In Cuba, they meet up with Jack Wade where Bond trades his gadget laden BMW (You didn’t use the missiles!) for a plane to locate the base. They pass over a lake said to be the location, until they are shot down by a missile into the jungle. Onatopp heads to the wreckage to eliminate them both via helicopter. Bond latches her back on the rope for her to be crushed to death by shooting down the helicopter, thus pulling her into a tree. They enter the control station after seeing the lake be drained revealing the satellite dish. Bond is captured (you seriously think he would have learned how not to get captured by now) by Alec who reveals his plans to rob the Bank of England  and use the GoldenEye to destroy all the record’s to destroy Britain’ economy. As this goes on, Natalya rearrange the GoldenEye to destroy itself as Alec captures her and orders Boris to save the satellite. Bond notices Boris’ habit of playing with a pen, so he gives him his explosive pen to make Boris click the fuse on it, which explodes the base. Bond heads to the antenna cradle sabotaging it to prevent control of it again with Alec ready to fight Bond. Bond and Alec start to fight five hundred feet above the dish with Bond kicking him off, only to pick him up to deliver a final exchange. After this, Bond tosses Alec into the dish, killing him (Alec was played by Sean Bean, so he was bound to die in this movie). As the dish and cradle explode, Bond and Natalya escape ready to make love as JAck Wade and the marines arrive to save them.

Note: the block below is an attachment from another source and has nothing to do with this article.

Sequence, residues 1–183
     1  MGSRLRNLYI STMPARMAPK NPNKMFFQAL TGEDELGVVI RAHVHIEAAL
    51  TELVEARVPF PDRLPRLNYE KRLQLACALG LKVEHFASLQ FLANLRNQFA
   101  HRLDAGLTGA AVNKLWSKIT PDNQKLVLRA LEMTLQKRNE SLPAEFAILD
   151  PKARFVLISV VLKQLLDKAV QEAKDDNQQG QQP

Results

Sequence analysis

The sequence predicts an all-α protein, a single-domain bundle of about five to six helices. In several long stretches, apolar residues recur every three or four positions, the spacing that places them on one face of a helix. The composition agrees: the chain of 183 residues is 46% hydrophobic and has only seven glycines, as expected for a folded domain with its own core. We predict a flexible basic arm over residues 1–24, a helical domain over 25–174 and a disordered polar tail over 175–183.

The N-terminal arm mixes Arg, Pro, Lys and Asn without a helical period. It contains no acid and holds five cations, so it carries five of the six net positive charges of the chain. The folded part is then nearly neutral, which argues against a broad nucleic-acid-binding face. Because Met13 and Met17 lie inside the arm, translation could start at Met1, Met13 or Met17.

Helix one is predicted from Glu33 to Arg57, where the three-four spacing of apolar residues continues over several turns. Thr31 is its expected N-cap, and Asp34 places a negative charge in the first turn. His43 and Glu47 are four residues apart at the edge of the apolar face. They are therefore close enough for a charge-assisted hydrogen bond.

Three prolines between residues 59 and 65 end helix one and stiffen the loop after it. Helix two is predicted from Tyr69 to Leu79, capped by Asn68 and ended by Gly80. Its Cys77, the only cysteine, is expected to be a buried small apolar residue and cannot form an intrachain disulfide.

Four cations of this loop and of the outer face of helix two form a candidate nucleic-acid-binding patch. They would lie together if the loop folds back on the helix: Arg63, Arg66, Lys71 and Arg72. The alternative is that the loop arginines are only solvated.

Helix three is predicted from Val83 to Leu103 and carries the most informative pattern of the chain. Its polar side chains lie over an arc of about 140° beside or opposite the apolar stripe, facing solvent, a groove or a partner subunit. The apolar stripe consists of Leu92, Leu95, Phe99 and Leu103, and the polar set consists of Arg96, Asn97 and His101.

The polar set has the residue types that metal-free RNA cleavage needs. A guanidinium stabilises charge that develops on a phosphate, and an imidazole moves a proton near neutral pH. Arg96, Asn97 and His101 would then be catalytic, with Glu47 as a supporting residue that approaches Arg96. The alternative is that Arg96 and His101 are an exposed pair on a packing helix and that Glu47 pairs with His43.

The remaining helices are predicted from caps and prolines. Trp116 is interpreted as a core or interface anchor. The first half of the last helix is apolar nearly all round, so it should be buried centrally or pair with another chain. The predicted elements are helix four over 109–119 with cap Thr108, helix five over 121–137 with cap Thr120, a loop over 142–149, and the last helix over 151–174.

GoldenEye is just plain fun and exciting, bringing back what made the franchise great. The action is perfect from the tank chase to the opener and the dramatic climatic destruction of the Severnaya base is just stellar. The acting is superb with Brosnan playing to his strength as Bond and feeling right at home. Sean Bean is spectacular as a villain, even if him pointing out every damn cliche of Bond gets annoying really fast. I had the same problem with Susan Sarandon in enchanted pointing out all the cliches to the point where even I wanted her dead, so same here with Alec Trevelyn. Famke Janssen and Izabella Scuropco are great in their Bond Girl roles with Famke’s over the top nature with constant orgasms and Izabella’s matching both beauty and smarts. Judi Dench as M is thrilling and single handily delivers Bond’s ass on a silver platter to the point I nearly clapped. The character actors ranging from Joe Don Baker to Robbie Coltrane also fit very well in the Bond universe and don’t feel wasted. Hell, even Alan Cumming as Boris who would be annoying in another film works well here. The pacing is very well done that even I didn’t know that an hour had passed halfway through watching this film. This film is just a stellar one to watch. Also  it has one of my favorite Q scenes in a feature with him yelling at Bond for touching his lunch, thinking it’s a gadget. The only major complaint I have is the constant winks and nudges at the longtime watchers and fans. They are very fun at first, but pointing all the cliches out while doing the cliches themselves are very hypocritical but luckily, this doesn’t fully deter the experience of GoldenEye.